Magnetic Resonance Angiography

If you or someone you love has had a blood clot, stroke, heart disease, or similar health problem, your doctor may recommend a magnetic resonance angiography (MRA) exam.

Similar to magnetic resonance imaging (MRI), an MRA is a test that allows your doctor to view inside the body. More specifically, an MRA helps your doctor review the condition of your blood vessels.

The test reveals details that will help your doctor to make an accurate diagnosis of your condition and to determine a customized treatment plan.

An MRI and an MRA are actually the same test. The only difference is the application of the technology. Unlike X-rays, which use ionizing radiation to create medical images, both the MRI and MRA use powerful magnets and radio waves to create images of the inside of the body.

In many cases, the MRA provides information that a doctor can’t detect using an ultrasound, regular X-ray, or CT scan. The exam is also noninvasive. The images may be stored on a computer or printed on film.

The difference between an MRI and an MRA is that an MRA is used specifically to examine blood vessels. An MRI is performed to examine other parts of the body, including the:

  • abdomen
  • chest
  • pelvis
  • internal organs

The “A” in MRA stands for “angiography.” This term describes any medical test that looks at the inside of blood vessels, including veins and arteries. When blood vessels become blocked, narrowed, or otherwise damaged, they can lead to problems like chest pain, a heart attack, or a stroke. An MRA allows your doctor to find exactly which blood vessels are injured and to view the extent of the damage.

Your doctor may schedule an MRA if you have had any of the following:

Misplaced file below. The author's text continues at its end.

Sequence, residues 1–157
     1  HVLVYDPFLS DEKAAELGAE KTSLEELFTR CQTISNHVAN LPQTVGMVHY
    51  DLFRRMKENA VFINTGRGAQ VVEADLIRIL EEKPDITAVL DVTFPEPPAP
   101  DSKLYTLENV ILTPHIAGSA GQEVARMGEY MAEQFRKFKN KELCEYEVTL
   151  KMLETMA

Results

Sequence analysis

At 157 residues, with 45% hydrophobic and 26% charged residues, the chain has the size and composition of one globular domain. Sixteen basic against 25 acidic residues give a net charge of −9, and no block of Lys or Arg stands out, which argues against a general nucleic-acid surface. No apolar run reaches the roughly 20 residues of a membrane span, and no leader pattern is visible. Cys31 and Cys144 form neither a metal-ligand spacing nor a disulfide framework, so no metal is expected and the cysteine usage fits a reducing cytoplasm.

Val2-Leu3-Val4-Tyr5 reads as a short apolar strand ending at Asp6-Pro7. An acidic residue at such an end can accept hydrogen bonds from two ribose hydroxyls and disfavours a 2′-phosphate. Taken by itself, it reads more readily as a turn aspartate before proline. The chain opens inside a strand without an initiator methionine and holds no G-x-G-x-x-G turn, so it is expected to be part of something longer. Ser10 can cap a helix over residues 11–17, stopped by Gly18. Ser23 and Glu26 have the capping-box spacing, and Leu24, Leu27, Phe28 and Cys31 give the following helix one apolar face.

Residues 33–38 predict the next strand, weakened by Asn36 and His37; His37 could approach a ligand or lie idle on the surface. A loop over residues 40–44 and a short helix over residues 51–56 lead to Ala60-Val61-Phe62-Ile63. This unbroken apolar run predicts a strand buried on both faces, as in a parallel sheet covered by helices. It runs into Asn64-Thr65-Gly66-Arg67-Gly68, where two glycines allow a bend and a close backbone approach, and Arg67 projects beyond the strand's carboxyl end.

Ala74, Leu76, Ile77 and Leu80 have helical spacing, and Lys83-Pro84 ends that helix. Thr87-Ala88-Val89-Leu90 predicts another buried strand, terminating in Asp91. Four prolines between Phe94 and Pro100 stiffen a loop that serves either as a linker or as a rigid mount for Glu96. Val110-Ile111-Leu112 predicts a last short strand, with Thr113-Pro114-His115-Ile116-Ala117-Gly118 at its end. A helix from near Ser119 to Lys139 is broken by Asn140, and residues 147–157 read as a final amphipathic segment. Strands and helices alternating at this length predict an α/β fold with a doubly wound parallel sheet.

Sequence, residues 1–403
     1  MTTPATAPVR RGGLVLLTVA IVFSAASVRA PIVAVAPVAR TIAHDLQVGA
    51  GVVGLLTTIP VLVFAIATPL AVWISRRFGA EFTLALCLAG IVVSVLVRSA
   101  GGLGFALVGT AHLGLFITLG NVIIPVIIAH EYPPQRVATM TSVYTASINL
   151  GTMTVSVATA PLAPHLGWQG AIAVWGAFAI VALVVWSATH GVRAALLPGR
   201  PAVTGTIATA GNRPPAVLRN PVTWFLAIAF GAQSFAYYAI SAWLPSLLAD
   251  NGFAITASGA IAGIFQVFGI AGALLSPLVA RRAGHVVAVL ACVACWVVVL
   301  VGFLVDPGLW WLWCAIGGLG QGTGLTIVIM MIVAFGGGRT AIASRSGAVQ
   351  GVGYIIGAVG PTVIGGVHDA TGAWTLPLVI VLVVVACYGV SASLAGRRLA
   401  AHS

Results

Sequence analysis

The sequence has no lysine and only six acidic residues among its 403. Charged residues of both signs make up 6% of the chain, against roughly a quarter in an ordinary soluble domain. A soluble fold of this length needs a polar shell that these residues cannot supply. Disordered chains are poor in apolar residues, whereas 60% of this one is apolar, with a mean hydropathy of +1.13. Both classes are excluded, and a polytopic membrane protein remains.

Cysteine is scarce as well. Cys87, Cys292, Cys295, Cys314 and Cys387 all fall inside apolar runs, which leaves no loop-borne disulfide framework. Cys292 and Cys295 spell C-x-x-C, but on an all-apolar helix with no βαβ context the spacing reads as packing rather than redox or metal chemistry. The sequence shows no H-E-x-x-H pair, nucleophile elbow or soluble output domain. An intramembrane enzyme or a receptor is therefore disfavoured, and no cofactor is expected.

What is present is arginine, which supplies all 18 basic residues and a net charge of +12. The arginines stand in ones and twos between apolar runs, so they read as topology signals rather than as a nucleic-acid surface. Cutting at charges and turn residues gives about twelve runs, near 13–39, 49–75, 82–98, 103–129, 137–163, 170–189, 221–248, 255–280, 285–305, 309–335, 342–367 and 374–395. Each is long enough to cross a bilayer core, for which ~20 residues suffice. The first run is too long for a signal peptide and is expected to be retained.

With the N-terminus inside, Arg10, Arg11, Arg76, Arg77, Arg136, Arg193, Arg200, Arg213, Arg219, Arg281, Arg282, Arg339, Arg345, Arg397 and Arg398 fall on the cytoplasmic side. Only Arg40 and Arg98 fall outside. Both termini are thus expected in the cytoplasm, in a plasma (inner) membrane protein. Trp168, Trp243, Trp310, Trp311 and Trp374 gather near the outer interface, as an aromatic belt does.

• a stroke
  • heart disease, including congenital heart disease
  • vasculitis, which is an inflammation of blood vessels
  • an aortic aneurysm, which is a swelling of the main artery of the body called the aorta
  • a narrowing of the aorta
  • atherosclerosis, which is a narrowing of arteries in the arms or legs
  • renal artery stenosis, which is a narrowing of the blood vessels in the kidneys
  • carotid artery disease, which is a narrowing of the blood vessels that supply blood to the brain
  • mesenteric artery ischemia, which is a narrowing of one of the three arteries that supply blood to the small and large intestines

An MRA may also be used to guide a surgeon in making repairs to diseased blood vessels, to evaluate arteries feeding a tumor before surgery or radiation therapy, and to screen people for arterial disease.

Before the test, your doctor will likely instruct you not to eat or drink anything for four to six hours. If you’re pregnant, have a pacemaker or other metallic device in your body like an artificial heart valve, or weigh more than 300 pounds, you may not be eligible for the MRA.

Once you’re ready for the exam, you’ll be asked to change into a hospital gown and remove any metal objects or jewelry that may interfere with the magnetic field. If you’re nervous or claustrophobic, you may be given a sedative to help you relax. You’ll want to lie as still as you can during the test to create the best quality images.

Next, the technician may inject a contrast dye into your hand or forearm to help improve the quality of the images. Be sure to inform your doctor if you have any concerns about allergic reactions to the dye, if you have kidney disease, or if you’ve had prior kidney failure. Poor kidney function can affect your ability to flush the dye from your system.

Finally, you’ll lay flat on the table, which will slide through a doughnut-shaped chamber. Inside the chamber, the magnetic fields and radio waves surround your body and create the images. The procedure is painless. It may last anywhere from 30 to 90 minutes. You’ll be able to talk to the technician through a speaker, and you’ll also likely be provided with earplugs or earphones to help you relax.

MRAs are extremely safe. Since they don’t use radiation like X-rays do, they can be performed repeatedly without concern of risks. The only complications you’ll want to be aware of are those related to the dye and the sedatives.

The dye may cause:

  • nausea
  • flushing
  • a warm sensation
  • a headache

This is normal and should pass.

If you experience itching or shortness of breath, tell the doctor right away as that could indicate an allergic reaction. Also, if you’re sedated for the procedure, be sure to arrange a ride home because you should avoid driving.